How to paint aluminum frames

by Joost Nusselder | Updated on:  June 25, 2022
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ALUMINUM FRAMES  AND ANODIZING

How to paint aluminum frames

REQUIREMENTS ALUMINUM FRAMES
Bucket, cloth, water
all-purpose cleaner
Brush
Sandpaper grit 180 and 240
Brush
wire brush
Multi-primer
alkyd paint

ROADMAP
Remove any rust with a wire brush
degrease
Sanding with grit 180
Dust-free and wet wipe
Apply multiprimer with a brush
Sand with 240 grit, remove dust and wet wipe
Apply lacquer paint
Lightly sand, remove dust, wet wipe and apply a second coat

If your aluminum frames are still beautiful, you don’t have to paint them. If they are somewhat damaged, or if they start to “rust” (oxidize), you can start painting the frames. There is of course another alternative and that is to replace these aluminum frames with wooden frames. However, this is an expensive matter and a major intervention. It can of course be a consideration.

PROVIDED WITH AN OXIDE LAYER

The oxide layer is applied to aluminum frames to prevent rust. This is also called anodizing. This oxide layer is very wear-resistant and hard, so that these frames are resistant to many weather influences. The layer is therefore very thin and can be applied in different colors. Provided there is no damage, these frames can last for a long time!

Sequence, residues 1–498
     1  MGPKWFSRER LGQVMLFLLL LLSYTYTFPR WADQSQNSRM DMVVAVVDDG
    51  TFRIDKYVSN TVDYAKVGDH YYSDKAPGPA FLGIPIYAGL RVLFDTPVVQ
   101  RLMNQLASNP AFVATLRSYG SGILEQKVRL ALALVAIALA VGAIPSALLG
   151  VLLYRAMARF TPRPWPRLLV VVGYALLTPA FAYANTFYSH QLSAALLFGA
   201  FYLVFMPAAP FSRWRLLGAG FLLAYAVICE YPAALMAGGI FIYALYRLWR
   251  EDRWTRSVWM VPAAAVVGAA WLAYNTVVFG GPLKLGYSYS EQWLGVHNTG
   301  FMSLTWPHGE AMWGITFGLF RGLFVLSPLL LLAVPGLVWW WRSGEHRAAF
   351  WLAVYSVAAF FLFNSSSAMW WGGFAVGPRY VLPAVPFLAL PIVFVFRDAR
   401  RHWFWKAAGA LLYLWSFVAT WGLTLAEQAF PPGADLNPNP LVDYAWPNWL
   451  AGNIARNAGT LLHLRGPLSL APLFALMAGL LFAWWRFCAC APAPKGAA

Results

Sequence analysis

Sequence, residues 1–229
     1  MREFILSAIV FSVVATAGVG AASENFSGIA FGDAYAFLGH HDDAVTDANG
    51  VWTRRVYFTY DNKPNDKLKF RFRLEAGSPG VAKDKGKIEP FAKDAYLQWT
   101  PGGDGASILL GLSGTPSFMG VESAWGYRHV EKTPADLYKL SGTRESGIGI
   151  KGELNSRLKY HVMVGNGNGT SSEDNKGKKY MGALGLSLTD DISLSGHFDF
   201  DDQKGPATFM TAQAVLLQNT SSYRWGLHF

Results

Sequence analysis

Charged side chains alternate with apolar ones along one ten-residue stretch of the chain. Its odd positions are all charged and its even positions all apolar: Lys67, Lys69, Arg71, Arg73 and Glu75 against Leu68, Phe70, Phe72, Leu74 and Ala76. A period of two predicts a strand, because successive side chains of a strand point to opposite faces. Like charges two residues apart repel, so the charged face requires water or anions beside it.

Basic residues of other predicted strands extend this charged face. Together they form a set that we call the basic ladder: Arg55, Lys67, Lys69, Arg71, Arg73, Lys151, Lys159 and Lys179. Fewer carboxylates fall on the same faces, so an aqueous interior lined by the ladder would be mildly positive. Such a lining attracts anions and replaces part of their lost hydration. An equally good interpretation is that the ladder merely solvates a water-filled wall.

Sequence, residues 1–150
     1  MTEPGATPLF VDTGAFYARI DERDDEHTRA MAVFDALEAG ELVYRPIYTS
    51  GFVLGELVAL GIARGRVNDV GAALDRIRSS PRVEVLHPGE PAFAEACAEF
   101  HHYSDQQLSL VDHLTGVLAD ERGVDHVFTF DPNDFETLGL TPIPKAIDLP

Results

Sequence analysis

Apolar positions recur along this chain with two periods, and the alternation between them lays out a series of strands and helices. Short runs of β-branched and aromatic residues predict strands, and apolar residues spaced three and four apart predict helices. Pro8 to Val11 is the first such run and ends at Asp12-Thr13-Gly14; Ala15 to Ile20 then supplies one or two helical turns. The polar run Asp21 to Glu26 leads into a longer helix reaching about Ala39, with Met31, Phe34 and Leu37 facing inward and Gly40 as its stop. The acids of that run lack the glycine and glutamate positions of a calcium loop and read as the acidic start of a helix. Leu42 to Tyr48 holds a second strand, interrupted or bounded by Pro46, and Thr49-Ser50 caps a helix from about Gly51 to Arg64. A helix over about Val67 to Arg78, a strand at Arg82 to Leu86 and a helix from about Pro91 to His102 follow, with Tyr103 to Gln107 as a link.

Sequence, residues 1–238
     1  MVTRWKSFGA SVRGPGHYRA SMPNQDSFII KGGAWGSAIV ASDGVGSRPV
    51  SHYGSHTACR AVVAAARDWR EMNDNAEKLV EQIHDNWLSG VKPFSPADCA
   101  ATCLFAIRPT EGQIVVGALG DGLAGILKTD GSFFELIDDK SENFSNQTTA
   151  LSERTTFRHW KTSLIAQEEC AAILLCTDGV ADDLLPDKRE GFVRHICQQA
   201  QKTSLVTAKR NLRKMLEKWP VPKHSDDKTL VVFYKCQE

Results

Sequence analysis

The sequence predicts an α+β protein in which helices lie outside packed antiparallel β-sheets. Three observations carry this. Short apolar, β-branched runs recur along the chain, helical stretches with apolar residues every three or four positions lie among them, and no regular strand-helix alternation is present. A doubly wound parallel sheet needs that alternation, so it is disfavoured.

PROCEDURE AND TREATMENT

Because the frames are provided with a layer of oxide, this requires a different pre-treatment than with wooden frames. First, you must degrease well. You use an all-purpose cleaner for this. Then sand the surface well, so that you really feel that it has been sanded! (with your hand over it). Then clean everything well and remove the last remnants of dust with a tack cloth. When you’re done with this, apply a primer over it. The difference in treatment of wooden frames and aluminum frames is that you have to use a special primer for this. If there is still wood next to the aluminum frames, you can continue working with the same primer. Then finish with a high gloss or silk gloss in alkyd. Remember to sand between coats with 240 grit sandpaper.

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Pete deVries.

I'm Joost Nusselder, the founder of Tools Doctor, content marketer, and dad. I love trying out new equipment, and together with my team I've been creating in-depth blog articles since 2016 to help loyal readers with tools & crafting tips.

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